URI Farmer’s Market returns for third consecutive year

For the past three years, University of Rhode Island students have been able to go to the quad every Thursday from 10 a.m. to 1 p.m. and grab as much free, fresh produce as they need. The URI Free Farmer’s Market is one of the leading events aimed at combating food insecurity on campus, but their goal is to reach as many students as they possibly can.

The Free Farmer’s Market offers an array of fresh produce grown less than a mile away at URI farms that are harvested by students. They are then sent to the market and are put up for grabs for any URI student, making this event run by students, for students.

Staff members such as Dr. Amanda Missimer, a clinical assistant professor of nutrition, and Kelli Kidd, campus and sports nutrition specialist, serve as co-coordinators of the event, helping it run smoothly.

Run by the Plants and Cells program, the excess produce that is not used for any class is harvested and sent to the farmer’s market so it can be used and enjoyed.

“It’s run by Dr. Brown… so through her class, she has her students and we have a pool of volunteers who go down [to the teaching garden] and harvest the produce,” Kidd said.

The market is also utilizing all of the produce grown and minimizing waste. They have students doing all of the harvesting for credit or volunteer purposes which gets rid of the need for machinery.

Farmer’s Market customers are also encouraged to “bring their reusable bags, and bring their egg cartons back,” Missimer said.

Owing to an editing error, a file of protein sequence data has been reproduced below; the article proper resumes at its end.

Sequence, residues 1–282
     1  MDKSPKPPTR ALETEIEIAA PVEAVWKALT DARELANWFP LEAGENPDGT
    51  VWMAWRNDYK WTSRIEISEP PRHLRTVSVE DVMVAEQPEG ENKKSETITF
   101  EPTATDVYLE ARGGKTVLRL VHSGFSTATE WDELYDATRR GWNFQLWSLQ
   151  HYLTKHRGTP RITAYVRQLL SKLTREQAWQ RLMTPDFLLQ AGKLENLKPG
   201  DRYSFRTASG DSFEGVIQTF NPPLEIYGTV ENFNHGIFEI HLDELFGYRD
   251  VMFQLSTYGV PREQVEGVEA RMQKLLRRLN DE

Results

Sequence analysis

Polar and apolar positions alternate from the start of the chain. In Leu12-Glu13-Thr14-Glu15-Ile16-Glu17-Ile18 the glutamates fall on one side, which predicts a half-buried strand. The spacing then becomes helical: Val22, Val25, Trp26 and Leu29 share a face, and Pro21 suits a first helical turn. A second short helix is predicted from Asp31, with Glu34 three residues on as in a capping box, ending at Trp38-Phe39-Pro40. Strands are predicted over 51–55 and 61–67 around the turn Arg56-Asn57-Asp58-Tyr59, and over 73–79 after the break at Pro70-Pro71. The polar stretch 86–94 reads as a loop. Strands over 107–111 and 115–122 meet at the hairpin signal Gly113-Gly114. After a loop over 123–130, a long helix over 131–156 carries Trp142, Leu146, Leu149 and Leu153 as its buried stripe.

Anyone looking for ways to be more sustainable should make sure to keep an eye out for an announcement of a new sustainability event at the end of September. The event looks to work more closely with the use of composting and understanding how to get the most out of your vegetables.

Missimer even said that part of the event will show how to “use the tops of your carrots as pesto” and other things that people might not have known about food sustainability.

While the event may have started with a “table, a pop-up tent, and a quickly printed sign from Staples,” the event has grown to include many volunteers and has basically doubled in size, Kidd said. Serving alongside Rhody Outpost, the market serves as a way to battle food insecurity within campus.

The ever-present stigma around food insecurity creates even more of a need for the farmer’s market. Market manager Delaney Borello said that she has “definitely seen people be nervous to take food,” but believes that the atmosphere of the market can help to alleviate that fear.

Ever since the pandemic, levels of food insecurity have been on the rise in Rhode Island. According to Missimer, one in four households struggle with food insecurity.

She explained that accompanied by the reality of being a college student, this means that many URI students will not have access to fresh fruits and vegetables. Costs of produce have skyrocketed, meaning students with limited funds would have almost no way of getting the necessary nutrients and vitamins fresh produce provides. All the aspects that are fighting against college students; price, proximity, accessibility and location are almost completely erased with the Free Farmer’s Market.

Another area on campus dedicated to helping students meet their basic needs is the Rhody Outpost, located at the dining services warehouse.

The Rhody Outpost is stocked with almost any item a student could need “such as hygiene supplies, cleaning supplies, canned food, fresh food that we provide them with our farms,” Borello said.

Students who are struggling to fulfill their basic needs are welcome to stop by the Outpost and take what they need. Another program designed to aid in food insecurity is “Swipe for Hope,” run in conjunction with food services and the Dean of Students. Through this program, students can donate their leftover dining hall swipes to a student in need.

Every Thursday from now through October students can visit the Quad for free produce grown right here at URI. The Free Farmer’s Market is just one of the many ways that URI is helping in the fight against hunger.